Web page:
- In May, we added a new multithreaded resource management component, which will be used in several places for data access and caching. The foundations for DED 2.0 were built by combining Doomsday Script and Info files. Work started on new UI components for the client GUI.
- In June, the old in-game console was replaced and a new, task bar based UI design was introduced. The "Ring Zero UI" was improved with a GUI game selection menu. Work on map geometry generation continued, with the target of cleaning the logic and improving the BSP builder for better vanilla renderer emulation.
- In July, we revised the dengine.net website design to match the new Doomsday UI. The Codex was created to keep an index of all repository commits. Version 1.11 was released.
- In August, the client GUI was improved with toggles, autocompletion popups in the console, a general-purpose progress indicator widget, new autoupdater UI, and an About dialog. Memory management for the bias lighting model was completely redesigned. Work on remodeling internal map data with a half-edge data structure was completed. Support for "deep water" and "missing texture" map hacks was implemented.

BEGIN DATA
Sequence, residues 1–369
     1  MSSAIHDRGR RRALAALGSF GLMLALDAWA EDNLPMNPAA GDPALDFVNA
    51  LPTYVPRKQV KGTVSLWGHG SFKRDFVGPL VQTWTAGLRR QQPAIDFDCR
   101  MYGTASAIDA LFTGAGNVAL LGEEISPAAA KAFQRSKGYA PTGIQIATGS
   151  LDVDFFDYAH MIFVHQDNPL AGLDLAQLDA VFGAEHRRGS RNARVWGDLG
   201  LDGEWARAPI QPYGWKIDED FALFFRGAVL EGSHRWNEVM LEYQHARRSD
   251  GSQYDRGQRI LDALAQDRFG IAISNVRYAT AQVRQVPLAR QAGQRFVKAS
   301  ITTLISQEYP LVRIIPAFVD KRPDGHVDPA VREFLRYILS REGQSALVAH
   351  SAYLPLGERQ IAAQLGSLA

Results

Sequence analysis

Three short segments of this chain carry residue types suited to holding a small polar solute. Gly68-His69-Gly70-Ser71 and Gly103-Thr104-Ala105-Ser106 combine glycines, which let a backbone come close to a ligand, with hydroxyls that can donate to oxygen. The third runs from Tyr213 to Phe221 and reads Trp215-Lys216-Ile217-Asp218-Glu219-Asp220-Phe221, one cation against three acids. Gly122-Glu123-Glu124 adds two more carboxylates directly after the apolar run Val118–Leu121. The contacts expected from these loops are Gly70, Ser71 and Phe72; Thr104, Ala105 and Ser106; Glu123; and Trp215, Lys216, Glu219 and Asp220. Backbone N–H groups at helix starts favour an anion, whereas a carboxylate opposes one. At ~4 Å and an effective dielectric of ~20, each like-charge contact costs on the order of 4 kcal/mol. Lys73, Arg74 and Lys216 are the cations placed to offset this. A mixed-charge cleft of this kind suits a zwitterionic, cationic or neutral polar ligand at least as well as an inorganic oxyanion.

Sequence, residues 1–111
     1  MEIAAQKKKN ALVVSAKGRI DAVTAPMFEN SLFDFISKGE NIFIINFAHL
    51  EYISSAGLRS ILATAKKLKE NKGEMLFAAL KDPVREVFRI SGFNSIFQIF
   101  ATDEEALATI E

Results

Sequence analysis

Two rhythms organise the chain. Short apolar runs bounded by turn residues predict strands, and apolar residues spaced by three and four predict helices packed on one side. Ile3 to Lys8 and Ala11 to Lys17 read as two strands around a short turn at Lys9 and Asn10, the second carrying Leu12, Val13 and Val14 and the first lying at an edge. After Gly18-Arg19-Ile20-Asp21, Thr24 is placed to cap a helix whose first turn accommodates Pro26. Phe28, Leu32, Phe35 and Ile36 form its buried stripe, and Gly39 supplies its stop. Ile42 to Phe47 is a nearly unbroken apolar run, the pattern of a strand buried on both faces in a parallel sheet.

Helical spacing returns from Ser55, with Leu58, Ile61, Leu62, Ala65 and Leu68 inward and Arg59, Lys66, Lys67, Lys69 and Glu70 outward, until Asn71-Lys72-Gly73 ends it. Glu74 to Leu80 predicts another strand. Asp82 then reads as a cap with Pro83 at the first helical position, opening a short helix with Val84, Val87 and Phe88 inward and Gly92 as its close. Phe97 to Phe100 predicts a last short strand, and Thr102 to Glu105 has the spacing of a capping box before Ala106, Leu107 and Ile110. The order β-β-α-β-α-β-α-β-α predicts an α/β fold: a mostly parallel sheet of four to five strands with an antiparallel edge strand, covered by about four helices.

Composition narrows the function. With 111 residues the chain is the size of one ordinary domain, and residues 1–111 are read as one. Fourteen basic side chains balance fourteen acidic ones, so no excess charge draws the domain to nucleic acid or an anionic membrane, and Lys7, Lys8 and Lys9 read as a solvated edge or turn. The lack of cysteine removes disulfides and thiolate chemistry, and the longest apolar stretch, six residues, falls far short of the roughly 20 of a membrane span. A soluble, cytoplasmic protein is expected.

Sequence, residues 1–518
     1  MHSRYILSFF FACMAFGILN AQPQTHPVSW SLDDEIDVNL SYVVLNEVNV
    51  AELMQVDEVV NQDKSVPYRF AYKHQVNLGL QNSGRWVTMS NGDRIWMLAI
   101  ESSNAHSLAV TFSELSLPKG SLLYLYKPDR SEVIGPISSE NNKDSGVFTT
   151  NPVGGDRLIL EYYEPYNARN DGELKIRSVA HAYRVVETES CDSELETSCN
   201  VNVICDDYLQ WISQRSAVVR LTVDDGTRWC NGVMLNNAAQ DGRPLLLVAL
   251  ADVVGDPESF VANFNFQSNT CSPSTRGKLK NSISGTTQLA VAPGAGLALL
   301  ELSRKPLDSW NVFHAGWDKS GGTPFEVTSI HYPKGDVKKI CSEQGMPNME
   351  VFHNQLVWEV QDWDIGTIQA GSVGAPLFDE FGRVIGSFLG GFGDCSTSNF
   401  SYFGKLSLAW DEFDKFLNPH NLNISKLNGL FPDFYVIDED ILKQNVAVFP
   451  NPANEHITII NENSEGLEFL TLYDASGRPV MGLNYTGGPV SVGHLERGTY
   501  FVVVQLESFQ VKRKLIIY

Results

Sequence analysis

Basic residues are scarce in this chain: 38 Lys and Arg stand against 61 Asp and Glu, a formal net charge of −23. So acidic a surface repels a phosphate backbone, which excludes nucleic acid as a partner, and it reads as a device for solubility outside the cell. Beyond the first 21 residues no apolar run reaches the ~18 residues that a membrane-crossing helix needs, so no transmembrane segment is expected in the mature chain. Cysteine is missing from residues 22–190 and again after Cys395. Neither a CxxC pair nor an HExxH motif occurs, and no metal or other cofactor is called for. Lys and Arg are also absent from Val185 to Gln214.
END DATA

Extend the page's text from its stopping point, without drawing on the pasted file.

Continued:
- In September, the old Control Panel was replaced with new dialogs accessed via the task bar. A sidebar editor was added for adjusting the renderer's appearance. Dynamic light management was updated with regard to map hacks. Appearance profiles were introduced for easily modifying visual effects.
- In October, we migrated project issue tracking from SourceForge to our own Tracker. Version 1.12 was released.
- In November, offscreen UI composition was implemented and Doomsday's busy mode UI was merged with the main UI. We also implemented a new GL2 lens flare renderer, although it wasn't yet integrated into the game world. Resource management was cleaned up for the future.
- In December, framebuffer management was revised to allow shaders to access color and depth values. We finished Oculus Rift support: head tracking, barrel distortion effect, configuration UI. Support was added for ZDoom's 16-direction sprites. Version 1.13 was released.